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Institutionalizingthe Blind Date The Theatre and The Playwright Anne Cattaneo Even a playwright as young as Michael Casale, whose second play Elm Circle opened at Playwrights Horizons this past May, recalls being "kicked out of rehearsals" of his first play's first professional production, and this was as recently as 1977 at the Guthrie Theatre. "It was strange: I thought they would want me there, but they didn't. So I just left the theatre." In the decade since, things have changed radically. In theatres throughout the country playwrights have been welcomed into rehearsals. They are invited to take part in the production planning of their plays. They are encouraged to rewrite in the rehearsal process-in short, new plays and playwrights are playing a larger part than ever before. But as theatres of all kinds have turned more and more eagerly to new work, they have all come to realize that plays suited to their theatre's artistic policy, performing space and audiences do not inevitably find their way into the mailbox of the literary department just as season planning is about to begin. Instead, theatres with a few years of new play production behind them-theatres ranging from the nation's large regional repertory companies to its small experimental groups-are now finding that they cannot wait for the new American plays to come in. They themselves must take an active part in finding and creating them. But even with this realization, the ways in which a playwright finds a theatre and a theatre finds a playwright today continue to be haphazard at best. Unlike the great decades-long collaborations in the history of theatre100 Shakespeare and the Kings Men, Moliere and his company, Goethe at Weimar-today's associations between author and company are more akin to blind dates, arranged even in the best of situations by middlemen: outside "matchmakers" such as agents (whose role in both film and theatre seems to grow more powerful from day to day) and the large national theatre organizations such as TCG. And usually these blind dates remain one-time associations. The playwright is brought into a new working environment , he or she has one or two months to adapt, and then after the premiere the writer returns home. In the rush of this often disorienting experience the play may inadvertently take a shape that might not have been the case had the play opened at a theatre where the working environment and artistic policy were different. For even now, American playwrights remain largely outsiders in their own theatre community. Most of the playwrights-in-residence programs of the 60s and 70s have been discontinued and, with very few exceptions, most writers are working in a void, without permanent associations with theatre companies. In fact, it is only a few of the most successful (Mamet, for instance , or Lanford Wilson or Shepard) who are able to work consistently with one group in a process they understand and are able to control. The rest bounce about from play to play, and this blind date style of producing has gone on for so long that by now it has become institutionalized. Under financial strain, theatres have fewer and fewer resources to help them find and financially support an in-house group of writers, especially if the writers are interested in exploring new and unfamiliar territory in their work. Instead, funding goes more and more to the middlemen: the matchmakers who make the blind date process easier. Countering this trend, one of the more interesting programs to have emerged recently is the CBS sponsored New Plays Program administered by the Foundation of the Dramatists Guild, a program now in its second year. Its interest lies in the fact that the program is conceived and administered by playwrights themselves (among them, Lanford Wilson, Wendy Wasserstein, Sam-Art Williams, Romulus Linney, A.R. Gurney and Ted Tally). Not surprisingly its purpose is to get a large number of plays (FDG/CBS estimates nearly 4000 each year) to a group of theatres interested in producing them, without any intermediate screening process along the way. Most importantly , the program subsidizes the reading and screening of these plays by...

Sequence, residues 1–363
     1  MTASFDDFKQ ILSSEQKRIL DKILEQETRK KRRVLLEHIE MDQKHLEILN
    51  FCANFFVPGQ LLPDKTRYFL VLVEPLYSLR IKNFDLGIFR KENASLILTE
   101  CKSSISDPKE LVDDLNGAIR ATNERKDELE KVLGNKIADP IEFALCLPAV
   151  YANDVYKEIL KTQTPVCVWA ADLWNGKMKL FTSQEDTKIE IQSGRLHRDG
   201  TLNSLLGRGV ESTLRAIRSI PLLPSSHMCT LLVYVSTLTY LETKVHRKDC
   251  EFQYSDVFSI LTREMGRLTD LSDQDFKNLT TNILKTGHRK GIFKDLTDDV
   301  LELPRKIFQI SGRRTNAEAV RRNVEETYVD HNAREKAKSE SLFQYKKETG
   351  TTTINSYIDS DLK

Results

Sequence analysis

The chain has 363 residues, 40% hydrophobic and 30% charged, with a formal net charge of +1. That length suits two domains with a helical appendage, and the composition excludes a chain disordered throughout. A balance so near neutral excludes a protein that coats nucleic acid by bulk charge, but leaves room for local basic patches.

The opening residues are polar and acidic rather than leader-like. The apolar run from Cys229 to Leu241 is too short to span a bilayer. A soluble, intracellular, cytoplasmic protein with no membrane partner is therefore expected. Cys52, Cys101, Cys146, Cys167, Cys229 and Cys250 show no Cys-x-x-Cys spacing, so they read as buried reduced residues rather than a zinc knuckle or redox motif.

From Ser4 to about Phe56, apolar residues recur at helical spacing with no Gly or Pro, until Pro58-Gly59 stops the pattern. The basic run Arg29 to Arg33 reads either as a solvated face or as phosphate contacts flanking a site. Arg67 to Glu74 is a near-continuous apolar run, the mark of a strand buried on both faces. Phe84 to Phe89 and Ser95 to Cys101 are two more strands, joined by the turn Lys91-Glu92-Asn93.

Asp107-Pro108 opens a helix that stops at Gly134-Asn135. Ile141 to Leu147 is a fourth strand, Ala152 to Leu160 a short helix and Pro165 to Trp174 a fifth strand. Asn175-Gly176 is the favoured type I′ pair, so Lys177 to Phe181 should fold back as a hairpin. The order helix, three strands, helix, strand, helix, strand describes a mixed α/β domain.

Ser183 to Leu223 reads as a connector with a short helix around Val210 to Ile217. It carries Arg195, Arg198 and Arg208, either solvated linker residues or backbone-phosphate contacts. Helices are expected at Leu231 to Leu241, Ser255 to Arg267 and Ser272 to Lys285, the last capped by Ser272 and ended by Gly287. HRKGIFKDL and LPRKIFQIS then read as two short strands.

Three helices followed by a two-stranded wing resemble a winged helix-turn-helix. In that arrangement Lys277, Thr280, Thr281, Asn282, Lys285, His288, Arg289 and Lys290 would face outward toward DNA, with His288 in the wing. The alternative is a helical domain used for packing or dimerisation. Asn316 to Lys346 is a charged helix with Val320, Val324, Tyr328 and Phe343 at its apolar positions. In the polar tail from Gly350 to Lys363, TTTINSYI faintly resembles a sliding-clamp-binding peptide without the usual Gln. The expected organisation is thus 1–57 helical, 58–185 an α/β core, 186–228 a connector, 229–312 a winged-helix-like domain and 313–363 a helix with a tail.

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pp. 100-104
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